• A record of the withdrawal including a traceable identifying name or number supplied by a federally insured financial institution or transferring entity for electronic submissions of funds or wire transfers, automated clearinghouse authorizations, debit transactions, or online payments through a website.

 

Compliance with the above provision may be satisfied if the mortgage banker or mortgage broker can produce an image of the check as well as evidence that it has been negotiated or has retained a receipt for the withdrawal of funds containing the traceable identifying name or number supplied by the federally insured financial institution or transferring entity for electronic transmissions of funds or wire transfers, automated clearinghouse authorizations, credit card or debit transactions, or online payments through a website along with written documentation that identifies the name of the client, amount of the withdrawal, and the purpose of the funds for each client whose funds are included in the withdrawal.

 

In addition to the prior required disclosures, in the case of residential loan applications, escrow instructions and instructions for trust fund disbursement of fees must provide that no trust funds may be disbursed to the mortgage banker or mortgage broker until the mortgage banker or mortgage broker has provided the notice that homeowners with reverse mortgages are not eligible to defer collection of homestead property taxes as allowed under Oregon law.

 

If an applicant fails to correct deficiencies in an application, filing, or amendment or fails to respond to deficiencies within 30 days of being notified of a deficiency, the Director may take action against the licensee.  In addition to any penalties, if an applicant does not correct the deficiencies after the Director takes action, the application will be deemed abandoned.  Any application or renewal fees paid by the mortgage loan originator applicant will not be refunded due to abandonment.  An applicant whose application is abandoned may reapply to obtain a mortgage loan originator license.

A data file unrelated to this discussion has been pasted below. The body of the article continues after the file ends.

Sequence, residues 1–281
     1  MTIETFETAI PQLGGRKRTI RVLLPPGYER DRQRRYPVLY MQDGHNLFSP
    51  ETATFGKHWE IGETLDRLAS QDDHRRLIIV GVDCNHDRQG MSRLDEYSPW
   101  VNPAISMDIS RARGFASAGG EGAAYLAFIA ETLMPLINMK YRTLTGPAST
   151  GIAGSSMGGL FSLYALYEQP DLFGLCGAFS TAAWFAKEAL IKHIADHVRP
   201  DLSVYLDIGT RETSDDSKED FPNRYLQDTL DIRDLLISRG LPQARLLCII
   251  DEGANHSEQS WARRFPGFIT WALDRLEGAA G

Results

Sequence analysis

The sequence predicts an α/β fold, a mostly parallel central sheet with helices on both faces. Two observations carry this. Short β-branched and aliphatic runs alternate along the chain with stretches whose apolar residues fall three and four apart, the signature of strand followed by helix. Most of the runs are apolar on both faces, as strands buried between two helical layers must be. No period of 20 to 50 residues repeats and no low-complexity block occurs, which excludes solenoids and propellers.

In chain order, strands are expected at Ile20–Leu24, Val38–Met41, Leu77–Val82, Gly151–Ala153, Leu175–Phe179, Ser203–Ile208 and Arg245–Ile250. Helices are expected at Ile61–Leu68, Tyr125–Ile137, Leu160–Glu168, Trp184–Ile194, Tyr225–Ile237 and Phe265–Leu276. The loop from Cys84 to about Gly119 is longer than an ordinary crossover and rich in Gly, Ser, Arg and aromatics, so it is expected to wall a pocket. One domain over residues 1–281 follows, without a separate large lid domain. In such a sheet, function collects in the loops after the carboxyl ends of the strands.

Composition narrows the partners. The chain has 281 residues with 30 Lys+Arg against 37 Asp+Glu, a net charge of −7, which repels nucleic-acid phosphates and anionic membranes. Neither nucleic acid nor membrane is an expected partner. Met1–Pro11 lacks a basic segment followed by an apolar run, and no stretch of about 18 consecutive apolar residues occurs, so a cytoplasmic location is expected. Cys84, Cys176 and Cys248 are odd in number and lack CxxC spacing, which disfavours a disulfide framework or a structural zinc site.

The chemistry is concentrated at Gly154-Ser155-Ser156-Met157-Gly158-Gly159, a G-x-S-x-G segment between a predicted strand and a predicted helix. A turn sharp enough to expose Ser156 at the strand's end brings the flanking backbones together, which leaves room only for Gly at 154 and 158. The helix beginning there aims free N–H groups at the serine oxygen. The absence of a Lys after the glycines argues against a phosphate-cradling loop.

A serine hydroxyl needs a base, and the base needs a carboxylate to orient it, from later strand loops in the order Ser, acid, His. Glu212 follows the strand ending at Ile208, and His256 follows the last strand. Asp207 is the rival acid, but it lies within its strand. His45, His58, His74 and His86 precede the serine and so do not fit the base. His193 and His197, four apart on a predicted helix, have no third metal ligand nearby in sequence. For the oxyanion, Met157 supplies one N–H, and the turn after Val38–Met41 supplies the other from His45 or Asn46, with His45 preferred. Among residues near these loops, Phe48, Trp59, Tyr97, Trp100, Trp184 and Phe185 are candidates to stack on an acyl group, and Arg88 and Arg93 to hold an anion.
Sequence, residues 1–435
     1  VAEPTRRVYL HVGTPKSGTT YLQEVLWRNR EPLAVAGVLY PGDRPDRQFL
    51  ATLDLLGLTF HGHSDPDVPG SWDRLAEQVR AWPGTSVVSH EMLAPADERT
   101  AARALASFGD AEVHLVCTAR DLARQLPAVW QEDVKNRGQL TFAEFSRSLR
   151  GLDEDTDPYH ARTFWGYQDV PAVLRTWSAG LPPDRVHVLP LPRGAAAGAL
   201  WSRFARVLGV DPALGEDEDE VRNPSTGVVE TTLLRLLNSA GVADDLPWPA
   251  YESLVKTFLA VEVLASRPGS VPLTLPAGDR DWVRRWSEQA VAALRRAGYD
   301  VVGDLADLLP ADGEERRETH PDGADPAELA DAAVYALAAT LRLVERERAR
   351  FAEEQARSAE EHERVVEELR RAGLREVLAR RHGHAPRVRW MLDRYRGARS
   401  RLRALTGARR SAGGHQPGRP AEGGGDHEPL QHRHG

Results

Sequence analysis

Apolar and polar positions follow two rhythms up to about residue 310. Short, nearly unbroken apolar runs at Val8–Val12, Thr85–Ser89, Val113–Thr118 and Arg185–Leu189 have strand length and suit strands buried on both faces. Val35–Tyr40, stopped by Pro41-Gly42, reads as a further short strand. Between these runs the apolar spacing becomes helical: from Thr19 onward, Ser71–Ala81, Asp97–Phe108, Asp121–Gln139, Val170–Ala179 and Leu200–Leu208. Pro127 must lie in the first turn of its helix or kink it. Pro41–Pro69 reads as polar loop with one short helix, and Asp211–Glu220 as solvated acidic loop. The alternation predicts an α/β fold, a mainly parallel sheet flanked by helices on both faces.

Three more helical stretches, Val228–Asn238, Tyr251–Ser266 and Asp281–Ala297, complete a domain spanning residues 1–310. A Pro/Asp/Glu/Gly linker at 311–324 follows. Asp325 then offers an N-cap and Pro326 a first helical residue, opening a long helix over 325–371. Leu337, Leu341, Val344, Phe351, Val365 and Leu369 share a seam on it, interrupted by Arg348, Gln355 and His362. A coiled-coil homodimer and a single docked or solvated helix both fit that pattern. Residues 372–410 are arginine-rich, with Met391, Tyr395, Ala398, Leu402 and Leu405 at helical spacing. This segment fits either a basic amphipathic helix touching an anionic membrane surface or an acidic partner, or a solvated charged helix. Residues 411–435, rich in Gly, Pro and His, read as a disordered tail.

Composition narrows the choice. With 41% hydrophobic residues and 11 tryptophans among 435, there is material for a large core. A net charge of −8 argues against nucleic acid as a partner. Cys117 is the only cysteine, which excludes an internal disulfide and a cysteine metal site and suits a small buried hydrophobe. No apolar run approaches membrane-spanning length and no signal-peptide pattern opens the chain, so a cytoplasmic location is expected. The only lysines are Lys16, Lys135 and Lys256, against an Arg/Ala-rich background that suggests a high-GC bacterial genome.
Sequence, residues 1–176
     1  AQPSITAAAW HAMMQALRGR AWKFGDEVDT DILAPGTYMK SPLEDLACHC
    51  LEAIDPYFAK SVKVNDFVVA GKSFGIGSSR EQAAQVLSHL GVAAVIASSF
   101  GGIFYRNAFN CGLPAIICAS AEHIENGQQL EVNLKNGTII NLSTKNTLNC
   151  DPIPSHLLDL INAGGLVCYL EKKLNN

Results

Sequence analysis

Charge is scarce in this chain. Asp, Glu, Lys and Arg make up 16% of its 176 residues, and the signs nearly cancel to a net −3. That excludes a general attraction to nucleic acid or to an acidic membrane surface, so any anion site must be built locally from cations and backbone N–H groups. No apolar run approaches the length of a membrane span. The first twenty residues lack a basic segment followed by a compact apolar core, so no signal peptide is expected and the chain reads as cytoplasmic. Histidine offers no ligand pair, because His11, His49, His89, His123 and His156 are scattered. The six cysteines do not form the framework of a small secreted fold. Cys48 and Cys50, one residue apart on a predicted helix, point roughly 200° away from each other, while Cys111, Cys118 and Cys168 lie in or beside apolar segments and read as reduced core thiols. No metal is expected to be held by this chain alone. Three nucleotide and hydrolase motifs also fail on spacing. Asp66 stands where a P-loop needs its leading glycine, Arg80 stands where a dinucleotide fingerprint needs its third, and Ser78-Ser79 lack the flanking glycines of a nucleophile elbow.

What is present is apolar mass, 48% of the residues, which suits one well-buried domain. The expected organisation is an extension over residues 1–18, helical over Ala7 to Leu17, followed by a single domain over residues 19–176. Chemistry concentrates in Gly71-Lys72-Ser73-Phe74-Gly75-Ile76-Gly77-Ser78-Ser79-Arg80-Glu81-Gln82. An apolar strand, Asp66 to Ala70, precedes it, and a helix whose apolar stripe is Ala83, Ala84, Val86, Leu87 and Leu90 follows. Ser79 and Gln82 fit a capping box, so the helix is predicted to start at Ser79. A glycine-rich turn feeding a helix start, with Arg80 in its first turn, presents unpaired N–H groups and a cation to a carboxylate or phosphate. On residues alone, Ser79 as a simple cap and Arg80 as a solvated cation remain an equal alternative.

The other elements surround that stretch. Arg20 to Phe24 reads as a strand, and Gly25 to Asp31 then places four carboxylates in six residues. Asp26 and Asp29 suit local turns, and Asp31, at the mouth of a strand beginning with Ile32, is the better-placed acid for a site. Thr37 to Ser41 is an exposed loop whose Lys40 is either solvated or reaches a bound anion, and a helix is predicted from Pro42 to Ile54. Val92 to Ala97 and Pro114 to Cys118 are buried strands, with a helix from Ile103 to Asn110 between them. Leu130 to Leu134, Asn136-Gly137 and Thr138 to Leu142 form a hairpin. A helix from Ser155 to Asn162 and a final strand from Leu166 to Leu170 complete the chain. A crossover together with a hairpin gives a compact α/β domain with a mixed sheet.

Each applicant for a new mortgage loan originator license must pass the Uniform State Mortgage Loan Originator examination approved by the NMLSR, which contains a uniform state test and an examination on federal regulation (previously an entry-level examination approved by the NMLSR and an examination on Oregon statutes and rules approved by the Director and the NMLSR) prior to engaging in activities as an Oregon mortgage loan originator.

 

An applicant who violates the rules of conduct governing the Uniform State Mortgage Loan Originator examination or the rules of conduct governing an examination to obtain a loan originator’s license in any state or territory (previously that knowingly acts in a dishonest or deceitful manner in connection with an examination required under this rule) is considered to have engaged in an act, practice or course of business that operates or would operate as a fraud or deceit.  In addition to other remedies available, the Director may refuse to issue the person a license as a mortgage loan originator.

 

A mortgage loan originator license will expire on December 31 of each calendar year.  At least 30 days prior to the expiration of a mortgage loan originator license, a mortgage loan originator must submit all information required to the NMLSR.  The renewal application must include evidence that:

  • The mortgage loan originator attests that all information contained in the renewal request and application is true and accurate;
  • The applicant continues to meet the minimum requirements for a mortgage loan originator license;
  • The applicant paid any required fee; and
  • The applicant completed 20 hours of pre-licensure education or 10 hours of continuing education that comply with the Rules.

 

An applicant for a mortgage loan originator license must complete a minimum of 20 hours pre-licensing education courses approved by the NMLSR before submitting an application to obtain a mortgage loan originator’s license in Oregon.  The 20 hours must include a minimum of:

  • 3 hours of instruction on federal law and regulations;